Today’s blog is written by Rachel Piersol, a registered nurse and an instructor for our Labor & Delivery Class. The views reflected in this blog are hers, informed by her work as a nurse and her own experience as a mother.
Let’s face it. Humans love to over complicate things. In doing this, we often take a good thing and make it more challenging than necessary. We do this with relationships, diets, parenting and even childbirth. We take something our bodies are designed to do and add interventions to “make it work” or “get through it.”
The simple reality, however, is this: every little aspect of pregnancy, labor and childbirth serve a purpose.
Let me make it clear, there are complications and situations which require medical interventions and procedures. In this blog, I am referring only to healthy moms, with healthy babies, where added interventions are not medically necessary.
Your body can handle childbirth.
It likely feels intuitive to you that your body knows how to make and grow a baby. Chances are, if you’re reading this, your body is currently growing a baby and providing all its needs. It might take more convincing, however, to believe that your body also knows how to birth your baby.
Did your brain just jump to all the reasons you can’t or don’t know how to birth your baby? The world we live in tends to paint childbirth as this scary event that our bodies can’t handle on their own. But you are strong enough, and your body can handle childbirth.
The Purpose of Labor Pain
But wait, what about the PAIN of childbirth? Sure, your body may know how to do its job, but what if you don’t think you can deal with the pain? Just thinking about this can cause anxiety and fear. This leads most moms to choose medical interventions to manage labor pain.
But, I’m here to tell you, you can do it! Your body was made to handle labor pain. And, believe it or not, the pain experienced in labor has an important purpose. So, before you decide on medical pain management interventions as a part of your birth plan, consider the following advantages of a more natural approach.
Pain and Positioning
First, the pain helps in positioning your body to assist in the progression of labor. Think of it as your body’s way of telling you, “this position isn’t working, try another.” If we allow the pain to guide us into the optimal position to birth our babies, we are aiding in the progression of labor – meaning, labor may move more quickly!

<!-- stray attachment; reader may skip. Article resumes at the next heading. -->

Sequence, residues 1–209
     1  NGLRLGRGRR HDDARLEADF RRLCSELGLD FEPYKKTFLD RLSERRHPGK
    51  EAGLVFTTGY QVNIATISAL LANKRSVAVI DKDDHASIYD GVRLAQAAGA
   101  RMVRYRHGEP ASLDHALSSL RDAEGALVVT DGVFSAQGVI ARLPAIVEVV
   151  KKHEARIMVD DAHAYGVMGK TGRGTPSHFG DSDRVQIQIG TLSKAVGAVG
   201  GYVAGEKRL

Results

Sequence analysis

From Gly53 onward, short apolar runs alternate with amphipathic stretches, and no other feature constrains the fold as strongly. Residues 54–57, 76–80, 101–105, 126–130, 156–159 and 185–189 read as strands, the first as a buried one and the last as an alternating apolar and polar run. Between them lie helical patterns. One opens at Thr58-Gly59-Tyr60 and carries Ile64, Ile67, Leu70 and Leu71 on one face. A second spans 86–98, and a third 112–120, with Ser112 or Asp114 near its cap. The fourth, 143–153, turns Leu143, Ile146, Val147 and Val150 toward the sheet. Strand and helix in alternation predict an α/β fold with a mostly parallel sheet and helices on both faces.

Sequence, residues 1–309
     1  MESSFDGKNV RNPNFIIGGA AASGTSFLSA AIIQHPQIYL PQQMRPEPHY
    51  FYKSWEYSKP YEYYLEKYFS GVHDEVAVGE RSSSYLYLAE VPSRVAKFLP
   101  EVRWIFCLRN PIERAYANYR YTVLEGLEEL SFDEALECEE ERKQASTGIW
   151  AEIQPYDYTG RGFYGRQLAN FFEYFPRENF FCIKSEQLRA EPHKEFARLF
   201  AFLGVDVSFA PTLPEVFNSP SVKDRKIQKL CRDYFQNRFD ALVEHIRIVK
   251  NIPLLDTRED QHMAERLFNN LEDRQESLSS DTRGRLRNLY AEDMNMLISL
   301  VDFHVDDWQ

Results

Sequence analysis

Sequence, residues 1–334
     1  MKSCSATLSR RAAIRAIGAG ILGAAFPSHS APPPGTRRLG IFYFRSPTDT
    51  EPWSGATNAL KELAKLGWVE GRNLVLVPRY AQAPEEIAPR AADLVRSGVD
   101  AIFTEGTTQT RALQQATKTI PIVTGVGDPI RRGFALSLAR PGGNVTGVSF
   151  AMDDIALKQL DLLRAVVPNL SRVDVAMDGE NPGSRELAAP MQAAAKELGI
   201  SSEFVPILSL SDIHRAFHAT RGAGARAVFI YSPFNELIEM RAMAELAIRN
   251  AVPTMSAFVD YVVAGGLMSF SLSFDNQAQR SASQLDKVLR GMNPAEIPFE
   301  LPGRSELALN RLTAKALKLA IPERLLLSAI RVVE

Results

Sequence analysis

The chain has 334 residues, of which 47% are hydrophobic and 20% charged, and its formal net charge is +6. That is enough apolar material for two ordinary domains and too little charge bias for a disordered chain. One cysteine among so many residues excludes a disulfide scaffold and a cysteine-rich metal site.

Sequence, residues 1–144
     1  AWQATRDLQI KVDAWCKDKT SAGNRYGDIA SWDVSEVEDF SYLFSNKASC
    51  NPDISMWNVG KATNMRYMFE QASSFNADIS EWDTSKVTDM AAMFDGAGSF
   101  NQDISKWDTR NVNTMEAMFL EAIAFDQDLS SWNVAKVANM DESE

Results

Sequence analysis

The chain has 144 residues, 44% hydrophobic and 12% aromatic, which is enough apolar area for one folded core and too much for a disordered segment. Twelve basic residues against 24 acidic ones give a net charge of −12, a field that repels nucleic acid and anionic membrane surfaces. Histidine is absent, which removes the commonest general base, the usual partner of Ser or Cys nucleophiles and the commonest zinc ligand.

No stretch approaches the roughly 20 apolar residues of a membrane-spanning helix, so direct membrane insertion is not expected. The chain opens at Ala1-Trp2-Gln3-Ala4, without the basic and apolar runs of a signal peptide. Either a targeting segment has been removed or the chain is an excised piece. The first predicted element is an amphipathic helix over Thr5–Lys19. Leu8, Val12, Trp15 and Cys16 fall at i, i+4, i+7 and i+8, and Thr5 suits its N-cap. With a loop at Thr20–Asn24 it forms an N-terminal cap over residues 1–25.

For example, if given the option, most women prefer the hands and knees position or a modified squatting position. These positions allow gravity to help the baby move down the birth canal and encourage baby to rotate into the optimal position for delivery.
Pain and Labor Hormones
In addition to optimal positioning, the pain experienced in labor also increases the levels of necessary labor hormones. These hormones are oxytocin, endorphins and catecholamines.
Pain, Labor Progression, and Bonding
Oxytocin is the hormone responsible for causing uterine contractions during labor. The contractions of the uterus and dilation of the cervix trigger stretch and pain receptors. These receptors cause the brain to increase the levels of oxytocin. In other words, as the pain increases so do the levels of oxytocin, helping labor to progress.
Oxytocin is also known as the “love hormone” and plays a huge role in the bonding that happens between mom and baby after birth. Interrupting this process with pain medications can decrease the amount of oxytocin released, and consequently, stall labor progression and decrease bonding after birth.
Pain and Natural Pain Management
Endorphins are our body’s natural way of managing pain. Think of them as “nature’s narcotics.”
As the contractions become stronger and more painful, your brain releases more endorphins. These endorphins not only help decrease the sensation of labor pain but also put you in a dream-like state, helping you to cope with the demands of labor. When pain medications are used, the brain dramatically decreases the amount of endorphins released. This leaves you with little to no endorphins and can potentially increase your sensation of labor pain as medications begin to wear off.
Pain, Focus, and Alertness
As labor progresses and the contractions become strongest, there is a surge of the hormones called catecholamines. These “fight or flight hormones” help you stay alert, stay focused, and muster up the strength to push out your baby.
The surge of catecholamines also has advantages for the baby. First, it helps the baby survive the oxygen deprivation experienced in the birth canal. In addition, it helps them be alert and transition after birth. The alertness experienced by the baby after birth aids in bonding between mom and baby and helps in initiating breast feeding. If you don’t experience the pain, the catecholamines are diminished and you may miss out on the fullness of these significant advantages.
In sum, labor pain plays a very important part in your body’s natural birthing process. It’s not just the negative sensation experienced from a baby moving through the birth canal. It keeps labor progressing, helps keep baby safe and encourages bonding. We hope this information helps you prepare for labor and delivery with greater confidence in your body and its ability to birth your baby.
If you’re interested in learning more about the signs and stages of labor and relaxation techniques, consider taking our free Labor and Delivery Class. The class is open to women who are more than 16 weeks along in their pregnancy. Call us at 734-994-8863 or email us at [email protected] to find out about our next class and to register.